Lincoln Nat. Bank v. Lampe, 414 F. Supp. 1270 (N.D. Ill. 1976)

US District Court for the Northern District of Illinois - 414 F. Supp. 1270 (N.D. Ill. 1976)
March 11, 1976

414 F. Supp. 1270 (1976)

The LINCOLN NATIONAL BANK, Plaintiff,
v.
John B. LAMPE, etc., et al., Defendants.

No. 75 C 2806.

United States District Court, N. D. Illinois, E. D.

March 11, 1976.

*1271 *1272 *1273 Louis Linton Dent, Edward P. McNeela and Gary L. Griffin, Dent, Hampton & McNeela, Chicago, Ill., for plaintiff.

Douglas M. Reimer and Robert E. Nord, Hinshaw, Culbertson, Moelmann, Hoban & Fuller, Chicago, Ill., for defendant Fed. Ins.

Robert F. Forrer and Kent Chandler, Jr., Wilson & McIlvaine, Chicago, Ill., for defendant First Nat. Bank of Lake Forest and Herber.

Elmer R. Segal, Chicago, Ill., for Lampe.

 
MEMORANDUM OPINION

DECKER, District Judge.

Plaintiff The Lincoln National Bank, asserting that it has been defrauded in several transactions concerning defendant Lampe, has brought this action against Lampe and others under various provisions of federal securities law and in an action for common law fraud.

Count I is based on Section 17 of the Securities Act of 1933 (15 U.S.C. § 77q),[1] Section 10 of the Securities Exchange Act of 1934 (15 U.S.C. § 78j),[2] and under Rule 10b-5, and concerns the same factual situation as Count III, the pendent state law fraud claim.

The gist of these two counts is that plaintiff Lincoln National Bank lent $842,000. to Lampe[3] on the basis of five promissory *1274 notes[4] executed between April 10 and September 17, 1974. The security for these notes consisted of stock certificates[5] representing substantial amounts of purported shares of common stock in Kennecott Copper Corp., American Airlines and Rheingold Corp.

Subsequently it was discovered that these stock certificates were worthless counterfeits; the loans have proven to be uncollectible and are in default.

Prior to their delivery to plaintiff, the counterfeit stocks had been deposited between November, 1972, and January, 1973 into an escrow account in the trust department of defendant First National Bank of Lake Forest.

Plaintiff Lincoln National Bank asserts that between December 1, 1973, and December 1, 1974, various representations were made by Lampe, Spaco, First National Bank of Lake Forest ("Lake Forest") and its Executive Vice President, James Herber, who is also named as a defendant in this action, concerning Lampe's financial condition. Lincoln National Bank ("Lincoln Bank") asserts that it relied on these representations, which it alleges to have been false, and consequently made its unfortunate decision to lend Lampe the $842,000.

Count II alleges that in December, 1974, Lampe endorsed and delivered to Lake Forest stock certificates for 524,090¾ shares of Spaco to be held by Lake Forest for its benefits and that of plaintiff Lincoln Bank. Lake Forest assigned these stocks to its surety, defendant Federal Insurance Company, and the latter promptly sold the stock for a consideration of $170,000. Lincoln Bank demands the proceeds of this sale, asserting violations of the 1933 and 1934 securities acts, and an infraction of Rule 10b-5.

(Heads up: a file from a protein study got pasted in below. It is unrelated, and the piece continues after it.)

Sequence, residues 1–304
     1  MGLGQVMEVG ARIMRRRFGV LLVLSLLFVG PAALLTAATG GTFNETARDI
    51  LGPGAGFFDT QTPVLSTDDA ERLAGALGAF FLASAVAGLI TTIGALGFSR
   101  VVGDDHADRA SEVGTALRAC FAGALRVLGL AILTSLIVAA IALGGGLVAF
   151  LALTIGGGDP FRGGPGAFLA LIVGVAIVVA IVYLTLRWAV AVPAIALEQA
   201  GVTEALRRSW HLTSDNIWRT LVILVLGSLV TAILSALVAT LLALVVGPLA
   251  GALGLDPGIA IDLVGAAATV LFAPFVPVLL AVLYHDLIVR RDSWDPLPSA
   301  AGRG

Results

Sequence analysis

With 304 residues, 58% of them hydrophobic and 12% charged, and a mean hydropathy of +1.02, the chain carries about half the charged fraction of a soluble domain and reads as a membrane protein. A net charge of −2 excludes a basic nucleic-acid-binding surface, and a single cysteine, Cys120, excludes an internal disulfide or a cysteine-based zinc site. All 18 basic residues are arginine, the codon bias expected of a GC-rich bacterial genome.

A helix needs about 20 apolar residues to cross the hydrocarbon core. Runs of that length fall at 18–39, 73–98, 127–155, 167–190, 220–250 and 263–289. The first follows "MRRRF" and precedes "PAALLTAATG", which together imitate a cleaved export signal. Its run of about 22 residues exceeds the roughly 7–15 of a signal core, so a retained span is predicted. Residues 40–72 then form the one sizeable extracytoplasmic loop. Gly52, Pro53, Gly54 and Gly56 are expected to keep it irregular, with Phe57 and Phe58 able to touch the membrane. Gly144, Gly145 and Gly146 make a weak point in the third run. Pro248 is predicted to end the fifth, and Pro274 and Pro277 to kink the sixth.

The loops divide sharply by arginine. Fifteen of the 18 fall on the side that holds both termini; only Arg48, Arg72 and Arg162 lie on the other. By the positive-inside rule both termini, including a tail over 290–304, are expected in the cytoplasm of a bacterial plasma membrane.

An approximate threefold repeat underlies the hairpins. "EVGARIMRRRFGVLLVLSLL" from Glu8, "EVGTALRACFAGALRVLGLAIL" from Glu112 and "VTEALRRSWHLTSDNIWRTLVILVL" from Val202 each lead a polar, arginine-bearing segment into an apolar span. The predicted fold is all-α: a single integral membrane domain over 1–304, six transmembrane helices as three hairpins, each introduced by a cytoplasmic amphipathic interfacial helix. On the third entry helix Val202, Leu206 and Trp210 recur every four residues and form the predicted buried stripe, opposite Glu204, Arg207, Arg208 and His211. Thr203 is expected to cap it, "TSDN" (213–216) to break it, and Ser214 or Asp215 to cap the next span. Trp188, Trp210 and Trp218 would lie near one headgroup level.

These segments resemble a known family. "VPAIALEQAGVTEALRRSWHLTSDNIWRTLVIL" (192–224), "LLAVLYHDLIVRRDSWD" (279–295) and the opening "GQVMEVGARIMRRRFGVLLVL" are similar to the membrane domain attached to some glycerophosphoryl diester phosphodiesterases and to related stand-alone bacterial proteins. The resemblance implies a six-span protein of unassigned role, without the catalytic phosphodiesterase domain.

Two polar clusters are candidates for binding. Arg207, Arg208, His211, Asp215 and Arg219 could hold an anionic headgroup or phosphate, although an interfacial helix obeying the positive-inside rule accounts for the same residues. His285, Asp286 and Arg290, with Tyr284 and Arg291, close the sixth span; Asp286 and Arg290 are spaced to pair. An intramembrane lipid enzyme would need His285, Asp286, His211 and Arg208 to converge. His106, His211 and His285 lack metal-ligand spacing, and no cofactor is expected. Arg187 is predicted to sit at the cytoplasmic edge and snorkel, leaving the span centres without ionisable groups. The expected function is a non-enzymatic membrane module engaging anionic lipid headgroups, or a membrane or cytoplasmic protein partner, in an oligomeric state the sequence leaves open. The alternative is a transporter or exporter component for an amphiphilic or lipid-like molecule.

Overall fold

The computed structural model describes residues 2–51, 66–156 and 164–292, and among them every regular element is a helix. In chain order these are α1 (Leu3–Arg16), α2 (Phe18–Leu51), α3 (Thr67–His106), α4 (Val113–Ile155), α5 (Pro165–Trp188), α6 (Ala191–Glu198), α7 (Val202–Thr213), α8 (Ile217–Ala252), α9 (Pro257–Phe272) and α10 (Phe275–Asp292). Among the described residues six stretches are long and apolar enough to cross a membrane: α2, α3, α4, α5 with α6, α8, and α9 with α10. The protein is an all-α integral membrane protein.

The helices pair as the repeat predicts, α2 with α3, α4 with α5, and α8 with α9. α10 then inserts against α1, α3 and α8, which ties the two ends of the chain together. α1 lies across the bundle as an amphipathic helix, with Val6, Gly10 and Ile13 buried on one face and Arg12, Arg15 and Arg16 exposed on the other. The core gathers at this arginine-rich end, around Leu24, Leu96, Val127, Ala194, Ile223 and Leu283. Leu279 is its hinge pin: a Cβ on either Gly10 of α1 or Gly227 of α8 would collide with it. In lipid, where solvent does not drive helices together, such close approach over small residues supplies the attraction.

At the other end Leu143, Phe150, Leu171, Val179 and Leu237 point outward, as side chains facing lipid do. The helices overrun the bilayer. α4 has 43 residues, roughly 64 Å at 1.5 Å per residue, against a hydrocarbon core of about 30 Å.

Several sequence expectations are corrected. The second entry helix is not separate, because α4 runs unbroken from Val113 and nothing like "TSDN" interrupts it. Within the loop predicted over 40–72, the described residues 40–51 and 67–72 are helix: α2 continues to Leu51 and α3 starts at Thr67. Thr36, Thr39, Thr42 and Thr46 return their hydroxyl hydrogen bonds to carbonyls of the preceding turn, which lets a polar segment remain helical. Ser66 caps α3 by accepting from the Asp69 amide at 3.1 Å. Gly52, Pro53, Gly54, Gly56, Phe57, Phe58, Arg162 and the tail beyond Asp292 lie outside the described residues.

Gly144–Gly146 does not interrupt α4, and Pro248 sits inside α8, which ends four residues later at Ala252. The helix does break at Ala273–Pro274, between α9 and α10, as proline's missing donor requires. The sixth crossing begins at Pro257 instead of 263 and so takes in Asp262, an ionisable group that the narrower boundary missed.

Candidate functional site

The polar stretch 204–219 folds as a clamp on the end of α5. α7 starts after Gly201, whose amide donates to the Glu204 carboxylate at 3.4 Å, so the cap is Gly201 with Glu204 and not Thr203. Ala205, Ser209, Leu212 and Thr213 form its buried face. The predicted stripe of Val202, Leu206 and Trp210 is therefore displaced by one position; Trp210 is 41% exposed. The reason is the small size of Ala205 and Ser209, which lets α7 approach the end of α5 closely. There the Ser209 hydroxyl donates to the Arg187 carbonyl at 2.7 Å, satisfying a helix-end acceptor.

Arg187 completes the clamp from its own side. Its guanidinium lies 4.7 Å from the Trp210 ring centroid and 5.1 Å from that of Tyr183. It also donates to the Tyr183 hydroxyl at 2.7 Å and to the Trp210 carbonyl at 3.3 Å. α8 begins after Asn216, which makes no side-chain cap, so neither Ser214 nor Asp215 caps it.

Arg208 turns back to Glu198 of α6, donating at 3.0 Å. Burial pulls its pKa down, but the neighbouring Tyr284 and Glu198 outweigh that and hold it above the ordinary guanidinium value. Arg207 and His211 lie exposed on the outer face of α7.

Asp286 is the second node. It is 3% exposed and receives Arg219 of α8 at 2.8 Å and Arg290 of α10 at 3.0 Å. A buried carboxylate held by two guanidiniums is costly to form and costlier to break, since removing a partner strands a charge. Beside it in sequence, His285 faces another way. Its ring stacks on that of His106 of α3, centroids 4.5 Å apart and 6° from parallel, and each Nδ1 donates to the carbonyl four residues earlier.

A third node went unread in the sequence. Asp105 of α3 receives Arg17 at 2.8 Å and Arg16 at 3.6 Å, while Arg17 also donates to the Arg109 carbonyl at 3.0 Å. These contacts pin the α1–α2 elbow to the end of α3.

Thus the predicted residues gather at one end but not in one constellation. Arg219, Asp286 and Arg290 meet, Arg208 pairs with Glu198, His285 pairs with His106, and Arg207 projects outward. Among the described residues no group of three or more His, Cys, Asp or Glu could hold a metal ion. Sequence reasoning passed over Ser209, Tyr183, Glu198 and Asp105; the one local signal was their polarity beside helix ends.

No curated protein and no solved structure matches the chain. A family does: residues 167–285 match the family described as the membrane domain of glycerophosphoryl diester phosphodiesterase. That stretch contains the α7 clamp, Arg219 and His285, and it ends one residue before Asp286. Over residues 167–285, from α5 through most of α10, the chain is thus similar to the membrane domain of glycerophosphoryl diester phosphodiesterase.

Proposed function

Defendants have filed a series of motions which will be discussed as applied to each of the counts of the complaint.

 
Count I. 
A. Plaintiff's Securities Law Claim.

Count I essentially depicts a fraudulent loan transaction between Lampe and Lincoln Bank. In order to bring this incident under the umbrella of federal law, the complaint alleges that the promissory notes must be considered as securities under the meaning of the 1933 and 1934 Acts and Rule 10b-5. Alternatively, plaintiffs contend that the act of pledging stock certificates as collateral constituted an offer for sale and sale of securities under the definition of securities law. All defendants deny this and have moved to dismiss the complaint for failure to state a cause of action under either Act.

 
B. The Promissory Notes.

This court is not persuaded that the complaint has alleged any grounds under which the promissory notes executed by Lampe can be viewed as securities under federal law.

Both the 1933 Act and the 1934 Act have exceptions which exclude protection for notes whose maturity does not exceed nine months. However, it is clear from recent opinions that the critical distinction is not that between short term and long term notes, but rather the difference between commercial and investment paper.

A much cited Fifth Circuit opinion, McClure v. First National Bank of Lubbock, Texas, 497 F.2d 490, 494-95 (5th Cir. 1974), has construed the 1934 Act as follows:

 
"On one hand, the Act covers all investment notes, no matter how short their maturity, because they are not encompassed by the `any note' language of the *1275 exemption. On the other hand, the Act does not cover any commercial notes, no matter how long their maturity, because they fall outside the `any note' definition of a security. Thus, the investment or commercial nature of a note entirely controls the applicability of the Act, depriving of all utility the exemption based on maturity-length."

The Seventh Circuit has followed this reasoning, holding in C. N. S. Enterprises, Inc. v. G. & G. Enterprises, Inc., 508 F.2d 1354 (7th Cir. 1975), that "[t]he ultimate question is whether the plaintiffs are simply borrowers in a commercial transaction who are not protected by the 1934 Act or investors in a securities transaction who are protected." 508 F.2d at 1359. See also, Sanders v. John Nuveen & Co., Inc., 463 F.2d 1075, 1079 (7th Cir. 1972).